Farallon Geographics Inc. announced that it has been selected by Oracle Corporation to be an initial beta tester of the updated Spatial option for Oracle9i Release 2.

Sanborn announced that the company was chosen by Calaveras County, California, to provide color orthophotos for the county.

Logica announced that its integrated Work Management Information System (WMIS) is in full production at City Public Service of San Antonio (CPS). The system integrates with SAP's Financial Information System & Materials Management System, and Bentley's GIS.

Geographic Data Technology Canada announced the release of Dynamap Canada Transportation, the company's first routable Canadian street and address database product.

DMTI Spatial announced that GDS & Associates Systems Ltd. (GDS) has joined DMTI Spatial's worldwide Business Partner Program.

American Electric Power Company has successfully gone into production with its GE Network Solutions PowerOn Outage Management System pilot project.

Intergraph Mapping and GIS Solutions today announced a software grant to Fort Hays State University in Kansas for integrating GeoMedia technology into the university's introductory, intermediate, and advanced (GIS) coursework.

- Contracts

GE Network Solutions announced that Hughes has chosen its Network Inventory software, working with GE Network Solutions world-class partner InfoTech Enterprises Ltd, to manage the physical infrastructure of its fiber-optic network.

Frederick's of Hollywood, the lingerie retailer, has chosen geoVue, for professional services and software solutions for the growing company's market planning and site selection needs.

MacDonald, Dettwiler and Associates Ltd. announced that the company's Geographic Information Products Group has secured a contract with the Iowa Department of Natural Resources to provide high resolution digital orthophotography for the entire State.

- Hires

PCI Geomatics announced the appointment of John Cheng as the company's new reseller manager for North Asia.



I commented several weeks ago that I thought that GE Smallworld was playing down the Smallworld brand and suggested it may be on the way out. Pamela Small of GE Network Solutions Marketing Communications team corrects me.

"I just wanted to let you know that there are no plans to phase out the Smallworld name and in fact we are now branding our products Smallworld xxx (eg: Smallworld PowerOn, Smallworld Core Technology) etc so you should continue to see the Smallworld name referred to regularly."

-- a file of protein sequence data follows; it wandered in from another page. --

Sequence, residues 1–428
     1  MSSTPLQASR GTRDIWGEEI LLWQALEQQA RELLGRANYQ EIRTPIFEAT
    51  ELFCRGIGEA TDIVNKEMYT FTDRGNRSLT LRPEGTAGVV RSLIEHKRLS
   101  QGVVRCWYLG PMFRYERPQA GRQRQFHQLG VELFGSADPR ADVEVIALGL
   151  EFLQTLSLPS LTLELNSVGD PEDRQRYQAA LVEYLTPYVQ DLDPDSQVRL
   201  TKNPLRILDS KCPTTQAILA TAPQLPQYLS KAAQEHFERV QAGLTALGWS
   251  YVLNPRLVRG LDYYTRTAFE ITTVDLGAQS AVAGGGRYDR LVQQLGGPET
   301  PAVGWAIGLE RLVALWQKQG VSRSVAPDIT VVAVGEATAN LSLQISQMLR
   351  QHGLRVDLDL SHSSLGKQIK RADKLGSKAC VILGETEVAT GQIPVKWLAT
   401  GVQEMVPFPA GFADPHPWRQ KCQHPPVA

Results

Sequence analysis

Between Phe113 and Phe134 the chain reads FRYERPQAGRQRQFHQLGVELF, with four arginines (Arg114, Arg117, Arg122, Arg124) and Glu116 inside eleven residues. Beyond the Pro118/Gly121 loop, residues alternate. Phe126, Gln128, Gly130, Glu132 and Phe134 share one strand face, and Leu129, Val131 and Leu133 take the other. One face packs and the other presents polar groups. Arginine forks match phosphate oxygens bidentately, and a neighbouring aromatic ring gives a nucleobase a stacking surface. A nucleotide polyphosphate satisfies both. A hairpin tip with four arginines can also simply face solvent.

I did speak with a few GE Network Solutions staff at GITA who reinforced this idea. That said, you had to look rather hard to find the Smallworld name at the GE booth.



Mar 19 - Questerra Launches Web-Based Spatial Info for Enterprise 

Another company enters the GIS web-hosting space. These folks were at GITA in force.


Mar 19 - Wherify Offers GPS-based Car Safety for Consumers 

"SMART-Car" is a vehicle safety and security solution that offers consumers a new way to monitor their family vehicles and process and deliver location, safety and security information through the Internet, email or any phone and pager.


Mar 19 - Leading Companies Tap NAVTECH Real-Time Map Service 

NavTech announced NAVTECH Real-Time Map Service available for use in commercial Location-Based Services (LBS) applications. Instead of buying/licensing the data application developers plug into the service.


Mar 18 - Tele Atlas and Telcontar Form Strategic Alliance 

Tele Atlas's U.S. and European digital maps will be available in Telcontar's Rich Map Engine format optimized for LBS and telematics applications.


Mar 18 - Mapping Toolkit delivers "One-Pick Automation" 

The new version has more than 65 new tools and tool improvements.


Mar 18 - Telcontar Announces Acquisition of Gravitate, Inc. 

Telcontar received the company's source code and hired key engineering staff.


Mar 18 - SPATIALnet: ArcSDE integrated with Autodesk Map 

I didn't manage to get a demo of this solution. I'm curious how it differs from ESRI's CADClient solution for ArcSDE.


Mar 18 - Airbiquity/Esemde Announce LBS/SMS Services For GSM 

The companies are partnering to offer combined short message services and location-based services for any GSM mobile phone equipped with Airbiquity's GPS Accessory.


Mar 18 - MapInfo to Work with Siemens IC Mobile 

miAware GeoToolBox is being integrated by Siemens IC Mobile in their Location Enabling Server


Mar 15 - Web Interoperability Moves One Step Closer 

Laser-Scan was part of the Open GIS Consortium Web Services Initiative end of project demonstration.


Mar 15 - ESRI Announces Plans to Integrate NG Spatial with ArcGIS 

Netgraph's schematic generation products were recently sold to ESRI CartoNet, an affiliate of ESRI.


Mar 15 - New National Atlas Map Reveals Old Voting Patterns 

The latest addition to a collection with election maps dating back to 1789 is the 2000 event.


Mar 14 - GeoGraphs Releases SVG MapGen 

GeoGraphs SVG MapGen is an affordable Map Publishing Tool for ESRI ArcView, MapInfo that produces SVG (scalable vector graphics) format maps.


Mar 14 - AirZip to Speed ESRI's Geography Network 

The technology compresses imagery for speedy delivery.